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[259] But Hyrcanus the high priest was desirous to renew that league of friendship they had with the Romans. Accordingly, he sent an embassage to them; and when the senate had received their epistle, they made a league of friendship with them, after the manner following: "Fanius, the son of Marcus, the praetor, gathered the senate together on the eighth day before the Ides of February, in the senate-house, when Lucius Manlius, the son of Lucius, of the Mentine tribe, and Caius Sempronius, the son of Caius, of the Falernian tribe, were present. The occasion was, that the ambassadors sent by the people of the Jews 1 Simon, the son of Dositheus, and Apollonius, the son of Alexander, and Diodorus, the son of Jason, who were good and virtuous men, had somewhat to propose about that league of friendship and mutual assistance which subsisted between them and the Romans, and about other public affairs, who desired that Joppa, and the havens, and Gazara, and the springs [of Jordan], and the several other cities and countries of theirs, which Antiochus had taken from them in the war, contrary to the decree of the senate, might be restored to them; and that it might not be lawful for the king's troops to pass through their country, and the countries of those that are subject to them; and that what attempts Antiochus had made during that war, without the decree of the senate, might be made void; and that they would send ambassadors, who should take care that restitution be made them of what Antiochus had taken from them, and that they should make an estimate of the country that had been laid waste in the war; and that they would grant them letters of protection to the kings and free people, in order to their quiet return home. It was therefore decreed, as to these points, to renew their league of friendship and mutual assistance with these good men, and who were sent by a good and a friendly people." But as to the letters desired, their answer was, that the senate would consult about that matter when their own affairs would give them leave; and that they would endeavor, for the time to come, that no like injury should be done to them; and that their praetor Fanius should give them money out of the public treasury to bear their expenses home. And thus did Fanius dismiss the Jewish ambassadors, and gave them money out of the public treasury; and gave the decree of the senate to those that were to conduct them, and to take care that they should return home in safety.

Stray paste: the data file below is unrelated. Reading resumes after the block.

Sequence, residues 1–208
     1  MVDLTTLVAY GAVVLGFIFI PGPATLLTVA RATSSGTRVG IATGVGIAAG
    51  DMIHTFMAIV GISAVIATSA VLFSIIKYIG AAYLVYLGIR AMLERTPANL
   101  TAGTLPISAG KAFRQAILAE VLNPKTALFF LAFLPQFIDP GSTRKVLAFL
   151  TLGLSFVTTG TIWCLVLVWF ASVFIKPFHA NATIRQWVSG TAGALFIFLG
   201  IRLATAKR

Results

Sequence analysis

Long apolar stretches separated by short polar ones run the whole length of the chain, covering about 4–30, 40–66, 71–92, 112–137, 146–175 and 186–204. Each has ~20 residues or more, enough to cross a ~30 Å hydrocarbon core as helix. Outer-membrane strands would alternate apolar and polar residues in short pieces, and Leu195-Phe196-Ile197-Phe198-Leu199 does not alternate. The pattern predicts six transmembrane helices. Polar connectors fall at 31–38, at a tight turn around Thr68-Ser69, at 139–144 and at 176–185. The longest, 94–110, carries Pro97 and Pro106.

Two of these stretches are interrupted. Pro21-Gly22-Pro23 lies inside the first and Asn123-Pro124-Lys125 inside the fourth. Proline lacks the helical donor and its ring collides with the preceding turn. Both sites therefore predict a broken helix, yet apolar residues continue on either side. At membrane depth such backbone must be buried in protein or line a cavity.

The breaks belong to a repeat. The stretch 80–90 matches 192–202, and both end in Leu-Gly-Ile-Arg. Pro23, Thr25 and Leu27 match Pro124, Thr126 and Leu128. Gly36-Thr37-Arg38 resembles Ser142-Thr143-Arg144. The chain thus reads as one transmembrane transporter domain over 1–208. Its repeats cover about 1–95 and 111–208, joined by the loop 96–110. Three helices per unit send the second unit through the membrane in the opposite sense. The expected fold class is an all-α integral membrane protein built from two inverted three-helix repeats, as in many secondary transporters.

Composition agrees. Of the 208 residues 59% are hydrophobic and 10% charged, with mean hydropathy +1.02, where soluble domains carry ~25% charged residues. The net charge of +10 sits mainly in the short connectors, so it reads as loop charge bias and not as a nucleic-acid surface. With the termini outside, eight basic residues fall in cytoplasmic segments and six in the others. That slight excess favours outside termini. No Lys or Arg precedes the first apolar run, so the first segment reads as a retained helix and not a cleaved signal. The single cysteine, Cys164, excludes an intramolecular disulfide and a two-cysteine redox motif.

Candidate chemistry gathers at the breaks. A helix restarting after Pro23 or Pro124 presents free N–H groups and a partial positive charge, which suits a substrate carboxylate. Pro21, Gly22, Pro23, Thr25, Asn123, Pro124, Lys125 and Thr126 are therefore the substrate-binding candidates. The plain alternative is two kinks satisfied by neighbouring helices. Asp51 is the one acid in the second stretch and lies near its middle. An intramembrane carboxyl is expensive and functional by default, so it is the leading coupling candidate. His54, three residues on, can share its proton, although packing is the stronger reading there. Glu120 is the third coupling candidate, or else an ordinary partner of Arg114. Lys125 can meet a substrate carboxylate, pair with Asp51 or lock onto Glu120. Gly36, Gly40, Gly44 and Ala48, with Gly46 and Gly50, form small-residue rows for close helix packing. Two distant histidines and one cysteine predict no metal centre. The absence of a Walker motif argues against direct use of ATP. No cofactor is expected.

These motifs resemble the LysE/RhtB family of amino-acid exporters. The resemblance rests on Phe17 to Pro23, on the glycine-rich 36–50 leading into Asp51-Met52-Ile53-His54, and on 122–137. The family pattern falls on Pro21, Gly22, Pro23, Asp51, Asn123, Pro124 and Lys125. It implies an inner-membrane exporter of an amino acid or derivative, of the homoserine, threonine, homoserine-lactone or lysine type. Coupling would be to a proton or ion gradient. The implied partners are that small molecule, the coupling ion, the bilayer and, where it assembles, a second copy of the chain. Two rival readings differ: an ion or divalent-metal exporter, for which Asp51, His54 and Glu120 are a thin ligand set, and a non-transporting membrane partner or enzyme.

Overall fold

1 In this decree of the Roman senate, it seems that these ambassadors were sent from the "people of the Jews," as well as from their prince or high priest, John Hyrcanus.

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